FanDuel and DraftKings are fighting for their legal lives behind the argument that daily fantasy sports is a contest of skill, not luck. John Oliver isn't buying it.
During his show Sunday, the talk show host ran through a list of reasons fantasy sports sites FanDuel and DraftKings should be advertised and regulated for what he says they are.
"By any rational definition, daily fantasy is gambling," said Oliver.
Oliver's show Sunday followed months of controversy as states have started cracking down on daily fantasy sports, a hyper-quick version of a traditionally slower form of betting. (On FanDuel, users can win money in one-day contests that hinge on the performance of real-life athletes.) New York's attorney general slapped both FanDuel and DraftKings with a cease-and-desist order earlier this month. As of last month, Nevada is requiring the sites get licenses after declaring that fantasy sports betting qualified as gambling.
FanDuel's chief financial officer, Matt King, has insisted the site does not constitute gambling but is an "entertainment product." Oliver contends that FanDuel and DraftKings are gambling--and that both billion-dollar startups know it. Here are some of the points he makes.
- The DraftKings CEO has said his company's product "actually in many ways has a similar feel to poker."
- DraftKings sponsored this year's World Series of Poker. "They're basically saying if you love gambling, you'll love DraftKings for completely unrelated reasons," said Oliver.
- Being an entertainment product is not mutually exclusive from being a gambling product.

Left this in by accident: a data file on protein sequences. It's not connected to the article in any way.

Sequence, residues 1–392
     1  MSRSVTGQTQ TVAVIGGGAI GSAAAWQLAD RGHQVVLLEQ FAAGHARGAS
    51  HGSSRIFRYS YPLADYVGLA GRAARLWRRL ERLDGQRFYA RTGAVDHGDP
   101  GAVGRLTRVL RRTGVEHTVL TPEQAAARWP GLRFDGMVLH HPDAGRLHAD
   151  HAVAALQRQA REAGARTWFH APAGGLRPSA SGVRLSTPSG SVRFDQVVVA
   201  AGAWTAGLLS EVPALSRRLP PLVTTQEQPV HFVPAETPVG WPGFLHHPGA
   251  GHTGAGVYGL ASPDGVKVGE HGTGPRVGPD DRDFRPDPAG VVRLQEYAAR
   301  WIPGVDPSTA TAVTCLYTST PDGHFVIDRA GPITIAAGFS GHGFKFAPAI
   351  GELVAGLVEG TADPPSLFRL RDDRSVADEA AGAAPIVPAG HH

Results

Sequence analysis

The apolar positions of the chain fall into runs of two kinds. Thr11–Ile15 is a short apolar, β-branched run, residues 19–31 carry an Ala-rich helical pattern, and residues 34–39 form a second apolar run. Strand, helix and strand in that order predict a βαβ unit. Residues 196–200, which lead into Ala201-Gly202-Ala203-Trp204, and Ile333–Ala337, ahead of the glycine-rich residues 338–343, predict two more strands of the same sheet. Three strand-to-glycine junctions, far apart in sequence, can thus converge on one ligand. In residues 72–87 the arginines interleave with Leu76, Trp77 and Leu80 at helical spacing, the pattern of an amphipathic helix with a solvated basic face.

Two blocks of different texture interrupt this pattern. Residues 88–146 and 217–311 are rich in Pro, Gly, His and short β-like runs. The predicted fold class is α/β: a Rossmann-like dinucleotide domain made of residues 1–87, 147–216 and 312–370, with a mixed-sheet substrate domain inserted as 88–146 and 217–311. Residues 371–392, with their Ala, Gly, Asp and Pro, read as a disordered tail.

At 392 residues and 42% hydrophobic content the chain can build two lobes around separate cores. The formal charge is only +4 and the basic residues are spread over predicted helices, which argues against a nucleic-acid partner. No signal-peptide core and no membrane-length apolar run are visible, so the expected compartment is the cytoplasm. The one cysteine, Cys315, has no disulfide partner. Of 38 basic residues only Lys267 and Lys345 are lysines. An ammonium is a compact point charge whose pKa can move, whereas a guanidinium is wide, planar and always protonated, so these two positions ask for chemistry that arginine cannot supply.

- Most winnings go to a small fraction of top winners. Among fantasy sports participants, 85 percent lose and 91 percent of winnings to 1.3 percent of the users.
- And, like gambling, fantasy sports get folks hooked. Oliver described the games as "the most addictive thing you can do on your phone other than, perhaps, cocaine."
"If we're going to de facto legalize sports gambling across the U.S., we should at least do it on purpose and not because two companies have somehow weaseled out a way to pretend that they are not something that they clearly are--because gambling enterprises, wherever they are legal, are regulated to protect people, and that's going to need to happen here," Oliver said. "And until such time if they're going to keep bombarding us with those ads, they should at least make them a little more honest."
FanDuel director of communications Justine Sacco says the company has called for regulations in the industry of fantasy sports, citing a blog post by FanDuel CEO Nigel Eccles.
"We've called for regulations that safeguard consumers," says Sacco. "I was surprised that John Oliver didn't highlight the fact that we're probably the only company that has invited regulation. We're willing to work with lawmakers and regulators to ensure that common-sense regulations are put in place to protect consumers."
"We strongly believe the games offered by fantasy sports sites and fantasy sports in general do not constitute gambling," DraftKings said in a statement. "Fantasy sports is very much a game of skill, and submitting the winning lineup is a direct function of that skill and strategy."
Watch John Oliver's segment on fantasy sports here: